An employee at the Federal Election Commission, the nonpartisan federal agency that oversees campaigns, has resigned after admitting to campaigning for President Obama in 2012, in violation of federal laws.
The employee, a lawyer whose name wasn’t divulged, solicited campaign donations for Mr. Obama and other political campaigns, and even took part in a web broadcast from an FEC facility where the employee criticized the GOP and Republican 2012 presidential candidate Mitt Romney.
Those moves violate the Hatch Act, the 1939 federal law sharply restricting federal government employees’ campaign activity. The Office of Special Counsel, which investigates Hatch Act violations, announced the steps — though a spokesman said they couldn’t give out any more details.
Since the FEC is supposed to be the government’s elections watchdog, its employees are subject to strict rules prohibiting campaign involvement.
FEC spokeswoman Judith Ingram said they placed the employee on administrative leave once the allegations were made, and that the employee has agreed to resign — but she said the case shouldn’t tarnish the rest of the agency.
“The commission is not aware of any information suggesting that these activities were anything other than the isolated acts of a single employee,” she said.
In addition to resigning, the FEC employee agreed not to pursue work in the federal government for two years.
It’s the latest instance of one of the government’s nonpartisan watchdogs admitting to electioneering on behalf of Mr. Obama.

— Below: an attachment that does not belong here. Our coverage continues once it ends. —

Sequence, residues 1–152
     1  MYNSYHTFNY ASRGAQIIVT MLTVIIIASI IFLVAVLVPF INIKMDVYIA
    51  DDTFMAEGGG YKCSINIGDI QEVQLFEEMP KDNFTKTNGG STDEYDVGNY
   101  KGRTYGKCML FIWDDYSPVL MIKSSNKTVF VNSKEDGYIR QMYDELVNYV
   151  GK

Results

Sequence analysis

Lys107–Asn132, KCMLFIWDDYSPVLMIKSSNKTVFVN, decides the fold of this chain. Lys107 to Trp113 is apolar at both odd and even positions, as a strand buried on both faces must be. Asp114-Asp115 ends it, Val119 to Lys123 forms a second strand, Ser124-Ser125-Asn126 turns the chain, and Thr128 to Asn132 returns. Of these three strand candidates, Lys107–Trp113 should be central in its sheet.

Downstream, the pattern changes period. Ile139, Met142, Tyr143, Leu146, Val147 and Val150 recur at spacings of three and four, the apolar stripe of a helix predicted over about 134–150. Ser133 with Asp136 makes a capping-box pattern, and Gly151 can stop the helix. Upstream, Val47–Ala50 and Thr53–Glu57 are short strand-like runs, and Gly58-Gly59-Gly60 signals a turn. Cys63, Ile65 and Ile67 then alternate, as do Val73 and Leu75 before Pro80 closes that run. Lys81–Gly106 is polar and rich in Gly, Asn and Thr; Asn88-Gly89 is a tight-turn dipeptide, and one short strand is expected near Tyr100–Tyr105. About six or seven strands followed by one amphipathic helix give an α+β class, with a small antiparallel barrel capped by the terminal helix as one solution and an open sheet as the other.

Earlier this month, the Office of Special Counsel said it was pursuing cases against three IRS employees and offices suspected of illegal political activity in favor of the president and fellow Democrats. The agency said it was “commonplace” in the IRS’s Dallas office for employees to have pro-Obama stickers and buttons, and said in another case an IRS employee who worked on the agency’s customer-help line chanted Mr. Obama’s name in urging a taxpayer to support the president.
The political activity isn’t limited only to Democrats. On Tuesday, the Office of Special Counsel also announced another federal employee, a civilian working for the Air Force, has agreed to take a 30-day suspension for pro-Republican and anti-Obama activities while on duty.
“The employee sent numerous partisan political e-mails using a government account to a list of as many as 60 federal employees,” the investigators said in a statement. “The employee sent each e-mail while on duty in the months leading up to the 2012 election. The employee admitted knowing about the Hatch Act’s restrictions, and even after receiving warnings from his supervisors, persisted in sending more e-mails. All of the e-mails were in opposition to then-candidate President Barack Obama and the Democratic Party.”
That employee, whose name also wasn’t divulged, agreed to take a 40-day suspension as punishment.
The two new cases “are examples of how government agencies can work together to ensure partisan politics stay out of the federal workplace,” Special Counsel Carolyn Lerner said in a statement.
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